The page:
Multiple sclerosis is often diagnosed in young adults during their prime reproductive years. So pregnancy and parenthood are common concerns for many people living with multiple sclerosis. Contrary to what physicians thought decades ago, pregnancy does not make multiple sclerosis worse. With so many treatment options, family planning is an important part of disease management for men and women with MS.
Fertility and maternal MS
Multiple sclerosis has no significant impact on the ability to conceive, on the development of the fetus, or the mother’s ability to carry to term. MS doesn’t seem to increase the risk of spontaneous abortions, stillbirth, cesarean delivery, premature birth, or birth defects. However, a recent study suggests that MS patients may have decreased ovarian reserve, a term used to describe the ovary’s capacity to produce egg cells that can be fertilized.
A recent study of men with MS who fathered children found that paternal MS had no impact on birth weight or premature birth. Researchers also determined that factors such as disease duration and disability did not impact birth outcomes. Data regarding semen quality is limited, but one study reports lower total sperm counts, reduced sperm motility, and increased percentage of abnormally formed sperm in men with MS.
MS is a complex disease, for which the exact cause or causes have yet to be determined. It is believed that a combination of environmental and genetic factors are involved.
People with MS may be concerned about the risk of their children developing it. Although researchers have identified a number of genetic variants associated with MS, an estimated 80 percent of people with MS have no relative with the disease. Having a first-degree relative with MS increases disease risk from 0.13 to 2-2.5 percent, with slightly higher risk associated with siblings rather than parents. The risk of MS increases to at least 30 percent in identical twins or when both parents have MS.
Vitamin D deficiency increases the risk of MS and women planning to become pregnant should have their vitamin D serum levels checked and treated prior to pregnancy. As with healthy women, women with MS should take prenatal vitamins and folic acid, avoid alcohol and smoking, eat a healthy diet, and get quality sleep.
Pregnancy and MS prognosis
Studies suggest that pregnancy may provide a protective benefit against the development of clinically isolated syndrome (CIS) or MS. However, one small study of radiologically isolated syndrome (RIS) found that pregnancy was associated with increased risk of subsequent clinical attack during the postpartum period. Patients with RIS who become pregnant should be followed more closely.
Most of what we know about pregnancy and MS is related to women with relapsing MS. Data related to pregnancy in women with progressive MS patients is very limited. It would be helpful if ALL women with MS who become pregnant would join a pregnancy registry, such as MothertoBaby.org, so that outcomes could be tracked.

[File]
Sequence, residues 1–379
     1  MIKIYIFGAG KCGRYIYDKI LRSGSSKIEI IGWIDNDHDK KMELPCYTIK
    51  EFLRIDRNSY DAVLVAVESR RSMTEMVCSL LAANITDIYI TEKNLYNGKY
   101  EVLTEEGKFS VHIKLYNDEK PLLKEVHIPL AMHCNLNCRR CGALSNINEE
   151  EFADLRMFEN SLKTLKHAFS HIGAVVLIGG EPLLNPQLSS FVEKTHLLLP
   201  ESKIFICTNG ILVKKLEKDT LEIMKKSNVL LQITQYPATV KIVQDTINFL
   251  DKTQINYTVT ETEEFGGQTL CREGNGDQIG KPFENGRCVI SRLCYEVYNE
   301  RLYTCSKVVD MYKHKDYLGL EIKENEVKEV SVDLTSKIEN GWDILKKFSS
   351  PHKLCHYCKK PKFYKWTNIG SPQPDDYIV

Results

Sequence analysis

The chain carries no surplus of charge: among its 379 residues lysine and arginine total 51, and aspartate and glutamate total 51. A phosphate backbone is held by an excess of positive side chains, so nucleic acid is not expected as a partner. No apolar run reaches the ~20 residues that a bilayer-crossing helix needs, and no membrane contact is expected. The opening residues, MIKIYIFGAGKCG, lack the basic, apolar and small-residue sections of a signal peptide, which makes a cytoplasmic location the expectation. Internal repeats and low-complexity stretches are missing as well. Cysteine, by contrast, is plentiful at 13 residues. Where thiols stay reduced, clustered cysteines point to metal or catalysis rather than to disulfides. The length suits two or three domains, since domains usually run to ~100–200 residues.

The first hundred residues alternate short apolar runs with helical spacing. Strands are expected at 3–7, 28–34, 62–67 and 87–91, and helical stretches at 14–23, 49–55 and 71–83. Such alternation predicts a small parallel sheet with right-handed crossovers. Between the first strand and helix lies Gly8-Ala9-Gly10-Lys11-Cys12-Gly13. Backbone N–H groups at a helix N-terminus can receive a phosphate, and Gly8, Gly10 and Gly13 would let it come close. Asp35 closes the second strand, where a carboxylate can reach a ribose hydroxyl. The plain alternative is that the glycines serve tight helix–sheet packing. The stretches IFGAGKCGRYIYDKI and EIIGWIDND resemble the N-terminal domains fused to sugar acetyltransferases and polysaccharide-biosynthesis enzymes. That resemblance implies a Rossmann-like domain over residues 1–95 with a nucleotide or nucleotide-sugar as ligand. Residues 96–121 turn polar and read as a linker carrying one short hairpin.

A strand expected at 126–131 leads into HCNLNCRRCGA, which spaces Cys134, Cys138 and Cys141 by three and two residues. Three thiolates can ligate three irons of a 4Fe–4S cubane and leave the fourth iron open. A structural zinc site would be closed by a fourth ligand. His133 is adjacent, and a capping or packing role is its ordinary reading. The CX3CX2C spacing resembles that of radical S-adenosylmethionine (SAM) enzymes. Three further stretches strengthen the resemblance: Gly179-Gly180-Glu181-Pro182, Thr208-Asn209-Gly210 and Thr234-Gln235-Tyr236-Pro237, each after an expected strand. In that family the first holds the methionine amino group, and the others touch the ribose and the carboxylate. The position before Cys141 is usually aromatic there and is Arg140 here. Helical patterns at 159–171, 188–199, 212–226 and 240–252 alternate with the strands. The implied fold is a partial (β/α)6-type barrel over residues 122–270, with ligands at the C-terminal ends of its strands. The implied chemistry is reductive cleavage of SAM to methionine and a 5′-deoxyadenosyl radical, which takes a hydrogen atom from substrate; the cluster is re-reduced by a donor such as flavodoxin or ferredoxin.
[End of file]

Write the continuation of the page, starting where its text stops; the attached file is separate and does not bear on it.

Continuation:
People living with MS may be concerned that it will have a negative economic and psychosocial impact on raising children, and they may choose not to become pregnant. In a survey of almost 6,000 MS patients diagnosed during their reproductive years, 79 percent did not become pregnant after diagnosis, and for a third of them, the choice involved MS-related issues. Patients were concerned that MS would interfere with parenting, and they didn’t want to burden their partners or pass MS on to their children.
Contraception, DMT use, and washout periods
Any woman with MS who is capable of becoming pregnant should talk to her doctor about contraception before starting disease-modifying therapy. Doctors may recommend delaying DMT use in newly-diagnosed women who want to start a family in the near future. However, a large study from the MSBase global registry reported that prior DMT use, any time in the two years before pregnancy, resulted in a 45 percent decreased risk for postpartum relapse. Patients with aggressive MS may want to control disease activity first with a DMT before thinking about pregnancy.
Some DMTs require a washout period to allow the medication to fully clear the body. Doing so limits risk to the fetus. To reduce the risk of relapse and rebound disease activity, researchers suggest that the DMT washout period should be as short as possible. One consensus group proposed monthly pulsed corticosteroids until pregnancy is achieved in very active MS women, or those with a history of delayed conception.
Studies have shown that women with MS who undergo in vitro fertilization and do not conceive may be at increased risk for clinical and MRI disease activity in the three months post procedure. Although data is limited, this appears to be associated with use of gonadotropin-releasing hormone agonists, as opposed to antagonists, to produce multiple eggs. Patients should discuss options with their fertility doctor and neurologist.
See More Helpful Articles:
Coyle PK. Management of women with multiple sclerosis through pregnancy and after childbirth. Ther Adv Neurol Disord. 2016;9(3):198–210. DOI:10.1177/1756285616631897
Lisa Emrich is a patient advocate, accomplished speaker, author of the award-winning blog Brass and Ivory: Life with MS and RA, and founder of the Carnival of MS Bloggers. Lisa uses her experience to educate patients, raise disease awareness, encourage self-advocacy, and support patient-centered research. Lisa frequently works with non-profit organizations and has brought the patient voice to health care conferences and meetings worldwide. Follow Lisa on Facebook, Twitter, and Pinterest.